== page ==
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Montaigne on Free-Thinking

Scholar, Richard



Philippe Desan


Abstract and Keywords This essay suggests that free-thinking is an important and often misunderstood context for the venture—and adventure—of Montaigne’s Essays. Where free-thinking is now generally understood to indicate a principled independence from the dogmas of any church or creed, it is argued here that Montaigne belongs to a different age, in which free-thinking was a much wider anti-authoritarian and experimental cast of mind that he and his contemporaries could bring to bear on all kinds of questions. That kind of free-thinking was both a Renaissance inheritance of the libertas philosophandi of the ancients and a contemporary trend among certain French humanist-statesmen admired by Montaigne. Montaigne’s response to his precursors and contemporaries, in “Of the education of children” (I, 26) and elsewhere, nonetheless, confirms that his thinking floats free from any determinations of context and remains irreducible to the expression of an “-ism.”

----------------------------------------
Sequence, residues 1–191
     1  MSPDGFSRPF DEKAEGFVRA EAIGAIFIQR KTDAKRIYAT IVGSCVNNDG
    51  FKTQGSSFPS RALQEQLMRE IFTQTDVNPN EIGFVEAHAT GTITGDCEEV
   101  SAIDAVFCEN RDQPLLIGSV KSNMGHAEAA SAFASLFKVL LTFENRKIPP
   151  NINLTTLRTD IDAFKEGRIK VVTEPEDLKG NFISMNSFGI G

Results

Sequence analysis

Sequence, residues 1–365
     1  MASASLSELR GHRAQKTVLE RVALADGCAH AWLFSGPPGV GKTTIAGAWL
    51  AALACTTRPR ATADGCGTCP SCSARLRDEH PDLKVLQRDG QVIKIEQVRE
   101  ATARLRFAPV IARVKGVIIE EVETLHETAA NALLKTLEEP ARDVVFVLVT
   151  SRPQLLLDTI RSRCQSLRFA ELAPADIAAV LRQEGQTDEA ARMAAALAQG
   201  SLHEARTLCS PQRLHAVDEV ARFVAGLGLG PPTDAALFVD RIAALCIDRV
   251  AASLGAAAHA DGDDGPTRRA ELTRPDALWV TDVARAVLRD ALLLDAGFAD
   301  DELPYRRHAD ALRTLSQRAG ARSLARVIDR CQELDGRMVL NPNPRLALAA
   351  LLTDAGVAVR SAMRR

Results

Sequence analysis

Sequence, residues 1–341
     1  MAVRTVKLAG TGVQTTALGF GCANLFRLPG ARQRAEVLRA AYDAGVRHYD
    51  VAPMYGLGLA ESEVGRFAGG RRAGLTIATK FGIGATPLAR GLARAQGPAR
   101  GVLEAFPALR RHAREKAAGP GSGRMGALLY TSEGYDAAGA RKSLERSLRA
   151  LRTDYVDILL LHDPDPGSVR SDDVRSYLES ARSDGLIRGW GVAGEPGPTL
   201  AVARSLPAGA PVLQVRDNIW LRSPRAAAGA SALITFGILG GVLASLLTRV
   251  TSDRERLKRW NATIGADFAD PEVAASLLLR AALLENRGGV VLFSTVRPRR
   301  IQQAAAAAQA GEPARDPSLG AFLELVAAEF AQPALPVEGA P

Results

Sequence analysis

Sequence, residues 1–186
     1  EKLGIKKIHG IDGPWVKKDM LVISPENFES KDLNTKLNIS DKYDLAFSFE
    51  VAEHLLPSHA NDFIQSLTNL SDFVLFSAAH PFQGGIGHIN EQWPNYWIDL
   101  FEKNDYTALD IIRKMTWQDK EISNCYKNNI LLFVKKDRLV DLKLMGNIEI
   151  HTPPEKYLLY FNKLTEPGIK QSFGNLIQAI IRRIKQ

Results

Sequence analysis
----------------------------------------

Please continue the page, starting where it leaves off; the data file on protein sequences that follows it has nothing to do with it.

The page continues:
Scholar, R. (2017). Montaigne on Free-Thinking. In P. Desan (Ed.), The Oxford Handbook of Montaigne (434-452). Oxford University Press.

Publication Date 2017
Deposit Date Feb 15, 2019
Publisher Oxford University Press
Pages 434-452
Book Title The Oxford Handbook of Montaigne
Publisher URL